Still when I come through that door and they are all smiles and hugs it almost makes it worth it, I say almost because five minutes after I'm home one is climbing the walls and the other is plotting the downfall of the known world.
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Old January 7 2013, 07:53 PM   #41
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Re: The Caregivers' Thread

^BORU, I like your suggestion. I'll just add to it... If you offer to help, be reliable, and show up on time. When I needed full-time assistance in 2011, I had two wonderful caregivers. But the couple friends who offered to spell them occasionally ended up causing far more stress than they relieved.

Sector 7 wrote: View Post
The first thing Mom said was, "I LOVE IT!" She left me speechless...
Wow!
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Old January 8 2013, 03:24 AM   #42
Sector 7
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Re: The Caregivers' Thread

Tora Ziyal wrote: View Post
^BORU, I like your suggestion. I'll just add to it... If you offer to help, be reliable, and show up on time. When I needed full-time assistance in 2011, I had two wonderful caregivers. But the couple friends who offered to spell them occasionally ended up causing far more stress than they relieved.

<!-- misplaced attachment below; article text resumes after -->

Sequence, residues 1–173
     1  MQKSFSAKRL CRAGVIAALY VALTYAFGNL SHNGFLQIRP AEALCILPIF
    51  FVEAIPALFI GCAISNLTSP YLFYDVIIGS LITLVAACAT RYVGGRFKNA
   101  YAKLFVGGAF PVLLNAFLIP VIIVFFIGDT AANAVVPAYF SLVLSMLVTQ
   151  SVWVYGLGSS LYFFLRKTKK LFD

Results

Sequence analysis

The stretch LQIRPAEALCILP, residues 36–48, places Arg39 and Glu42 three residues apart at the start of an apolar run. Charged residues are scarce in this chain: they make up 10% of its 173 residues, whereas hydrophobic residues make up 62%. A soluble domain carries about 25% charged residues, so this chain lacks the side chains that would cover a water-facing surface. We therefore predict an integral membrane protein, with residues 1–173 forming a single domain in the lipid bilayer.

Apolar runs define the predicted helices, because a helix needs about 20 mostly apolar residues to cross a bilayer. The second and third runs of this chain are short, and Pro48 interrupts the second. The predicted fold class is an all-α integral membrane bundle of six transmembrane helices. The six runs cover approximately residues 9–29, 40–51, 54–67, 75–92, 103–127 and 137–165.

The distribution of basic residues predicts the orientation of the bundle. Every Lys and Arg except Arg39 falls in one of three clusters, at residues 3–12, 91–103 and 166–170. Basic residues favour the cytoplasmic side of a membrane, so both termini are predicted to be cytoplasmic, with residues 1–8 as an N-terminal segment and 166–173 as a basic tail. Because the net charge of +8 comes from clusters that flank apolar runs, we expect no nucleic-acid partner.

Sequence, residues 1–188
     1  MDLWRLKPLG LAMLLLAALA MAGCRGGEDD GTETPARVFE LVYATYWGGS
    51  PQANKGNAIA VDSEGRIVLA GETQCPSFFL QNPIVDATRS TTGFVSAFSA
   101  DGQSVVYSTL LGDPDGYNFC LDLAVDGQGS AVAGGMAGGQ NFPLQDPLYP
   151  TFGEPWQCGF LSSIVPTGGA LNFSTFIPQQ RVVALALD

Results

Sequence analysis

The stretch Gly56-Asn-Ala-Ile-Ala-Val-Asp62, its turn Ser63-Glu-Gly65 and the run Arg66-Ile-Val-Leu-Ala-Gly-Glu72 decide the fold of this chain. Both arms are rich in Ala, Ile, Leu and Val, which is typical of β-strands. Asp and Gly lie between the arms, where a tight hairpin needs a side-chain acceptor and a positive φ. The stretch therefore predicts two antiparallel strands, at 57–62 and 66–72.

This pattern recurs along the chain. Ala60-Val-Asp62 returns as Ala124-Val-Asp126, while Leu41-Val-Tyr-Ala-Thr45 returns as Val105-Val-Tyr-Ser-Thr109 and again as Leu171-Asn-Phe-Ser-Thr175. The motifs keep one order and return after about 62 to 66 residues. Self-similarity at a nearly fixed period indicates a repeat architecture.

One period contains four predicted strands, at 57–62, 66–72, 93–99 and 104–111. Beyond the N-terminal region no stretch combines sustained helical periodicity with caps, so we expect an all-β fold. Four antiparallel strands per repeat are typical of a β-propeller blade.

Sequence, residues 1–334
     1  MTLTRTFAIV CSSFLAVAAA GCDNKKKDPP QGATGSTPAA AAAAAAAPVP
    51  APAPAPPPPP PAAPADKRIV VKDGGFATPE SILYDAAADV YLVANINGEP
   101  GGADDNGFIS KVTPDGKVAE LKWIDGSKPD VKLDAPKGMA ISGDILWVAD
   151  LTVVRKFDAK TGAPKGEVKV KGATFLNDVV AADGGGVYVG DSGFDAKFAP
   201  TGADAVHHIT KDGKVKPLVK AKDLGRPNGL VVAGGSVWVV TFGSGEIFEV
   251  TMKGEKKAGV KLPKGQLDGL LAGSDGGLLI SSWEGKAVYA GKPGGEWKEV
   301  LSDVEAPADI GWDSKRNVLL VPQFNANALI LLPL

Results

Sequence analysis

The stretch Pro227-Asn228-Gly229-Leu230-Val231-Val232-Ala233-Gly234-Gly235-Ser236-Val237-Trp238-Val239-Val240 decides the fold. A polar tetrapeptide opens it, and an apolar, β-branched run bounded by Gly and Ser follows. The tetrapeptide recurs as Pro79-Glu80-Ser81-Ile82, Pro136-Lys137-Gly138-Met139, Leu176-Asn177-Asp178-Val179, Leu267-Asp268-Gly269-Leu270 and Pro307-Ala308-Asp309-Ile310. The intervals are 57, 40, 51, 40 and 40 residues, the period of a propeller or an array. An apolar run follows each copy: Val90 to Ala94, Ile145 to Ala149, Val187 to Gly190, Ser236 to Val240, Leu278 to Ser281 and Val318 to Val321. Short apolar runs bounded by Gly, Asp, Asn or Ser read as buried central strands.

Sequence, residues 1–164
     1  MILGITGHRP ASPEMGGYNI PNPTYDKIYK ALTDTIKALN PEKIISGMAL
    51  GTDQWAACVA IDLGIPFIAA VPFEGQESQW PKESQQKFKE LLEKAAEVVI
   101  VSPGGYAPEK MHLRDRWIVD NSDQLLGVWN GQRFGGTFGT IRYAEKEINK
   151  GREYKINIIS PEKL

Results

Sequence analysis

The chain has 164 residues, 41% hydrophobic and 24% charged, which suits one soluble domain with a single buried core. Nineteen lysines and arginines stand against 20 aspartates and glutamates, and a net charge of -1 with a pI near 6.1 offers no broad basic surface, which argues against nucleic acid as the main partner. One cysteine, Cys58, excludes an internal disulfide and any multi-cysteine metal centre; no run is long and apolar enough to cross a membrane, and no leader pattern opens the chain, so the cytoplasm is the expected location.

Sector 7 wrote: View Post
The first thing Mom said was, "I LOVE IT!" She left me speechless...
Wow!
Yeah! Imagine that... me speechless!

I hope the links helped someone. Home health has been a Godsend for me. It allows me to go to my own doctor appointments, grocery shopping, etc. Hopefully, my COPD and other health issues will not get any worse for some time to come. Otherwise I may need help for me.